The England of V For Vendetta is perhaps just as unlikely. It is difficult to understand how the regime operates. It makes great use of the video cameras it has on every street corner and in many rooms, but surely these can only be used in London and urban areas. What about in the country? A television programme addresses ‘senseless terrorist acts’ in Aberdeen and Glasgow, and the announcer promises that the next edition of the programme has ‘satellite pictures of the Soviet wheat-crop failures and asks Is Russia Facing Another Revolution?’ (p. 110). V comments that ‘riot-zone soap operas’ still broadcast after he has sabotaged the state’s broadcasting (p. 220).

Despite this acknowledgement of a chaotic world outside the unnatural city, it is not substantial. We see very little of the world outside London. Finch visits both Norfolk and Larkhill, but both have been deserted for years. We see little of the economics of the alternate world, get no idea, for example, where food comes from. Only the city - the realm in which V operates - is available to us.

More importantly, this whole post-holocaust locale of the story is at best, ‘convenient’. Moore admits as much in his introduction to the DC edition of the novel. "Back in 1981, the term “nuclear winter” had not passed into common currency," he says (p. 6). As a scientific study of the climatic effects of nuclear war concluded,
"... even in regions far from the conflict the survivors would be imperilled by starvation, hypothermia, radiation sickness, weakening of the human immune system, epidemics and other dire consequences."

Richard P Turco, Owen B Toon, Thomas Ackerman, James B Pollack and Carl Sagan, ‘The Climatic Effects of Nuclear War’, Scientific American, Vol. 251, no. 2 (August 1984), p. 23.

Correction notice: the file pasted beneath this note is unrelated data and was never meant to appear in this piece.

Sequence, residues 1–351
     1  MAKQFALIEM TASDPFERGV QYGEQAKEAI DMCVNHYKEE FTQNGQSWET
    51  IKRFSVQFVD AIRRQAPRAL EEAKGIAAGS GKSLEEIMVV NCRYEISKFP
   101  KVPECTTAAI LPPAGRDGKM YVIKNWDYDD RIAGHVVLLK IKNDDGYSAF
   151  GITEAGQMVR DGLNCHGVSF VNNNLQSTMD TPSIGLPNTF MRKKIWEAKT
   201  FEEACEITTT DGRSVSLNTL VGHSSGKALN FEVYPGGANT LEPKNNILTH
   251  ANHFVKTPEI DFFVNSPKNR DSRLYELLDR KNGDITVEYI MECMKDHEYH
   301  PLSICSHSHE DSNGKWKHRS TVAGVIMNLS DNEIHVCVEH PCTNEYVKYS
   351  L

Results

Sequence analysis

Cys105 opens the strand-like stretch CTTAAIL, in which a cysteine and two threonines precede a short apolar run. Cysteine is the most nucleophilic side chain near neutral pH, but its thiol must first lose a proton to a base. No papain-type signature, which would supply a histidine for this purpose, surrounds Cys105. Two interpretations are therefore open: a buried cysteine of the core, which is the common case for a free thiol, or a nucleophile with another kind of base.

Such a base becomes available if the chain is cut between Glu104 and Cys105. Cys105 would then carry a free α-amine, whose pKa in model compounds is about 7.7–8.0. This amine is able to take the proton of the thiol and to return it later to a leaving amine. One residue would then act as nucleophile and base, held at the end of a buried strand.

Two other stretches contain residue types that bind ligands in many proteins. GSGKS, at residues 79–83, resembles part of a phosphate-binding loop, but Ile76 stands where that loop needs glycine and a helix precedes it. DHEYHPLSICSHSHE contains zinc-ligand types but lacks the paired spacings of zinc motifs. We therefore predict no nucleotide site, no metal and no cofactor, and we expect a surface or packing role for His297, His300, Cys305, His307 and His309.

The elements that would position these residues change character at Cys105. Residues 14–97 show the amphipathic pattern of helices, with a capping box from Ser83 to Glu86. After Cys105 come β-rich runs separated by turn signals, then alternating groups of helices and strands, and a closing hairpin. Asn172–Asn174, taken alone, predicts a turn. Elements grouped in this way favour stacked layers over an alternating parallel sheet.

Through Evey’s memories - of a ‘yellow and black’ sky, and of the disintegration of civilisation (‘There was no food. And the sewers were flooded and everybody got sick. Mum died in 1991’ (p. 28).) – there’s some appreciation of the difficulties involved in surviving nuclear war.

However, Moore doesn’t go far enough, and his idea that a nuclear war of a scale enough to destroy Europe and Africa could have left a demilitarised England hungry but alive is not at all likely. The global debilitation of major nuclear conflict had been explored in novels such as Neville Shute’s On The Beach (1957), subsequently made into a film.

This raises the question of plausibility. In his introduction to the DC edition, Moore goes on to argue that nuclear war is not necessarily what will push England into the fascist state he depicts. His contention, writing in 1988, is that we are headed in that direction anyway. In our own world, according to Moore, "the tabloid press are circulating the idea of concentration camps for persons with AIDS. The new riot police wear black visors, as do their horses, and their vans have rotating cameras on top. The government has expressed a desire to eradicate homosexuality, even as an abstract concept, and one can only speculate as to which minority will be the next legislated against," (p. 6).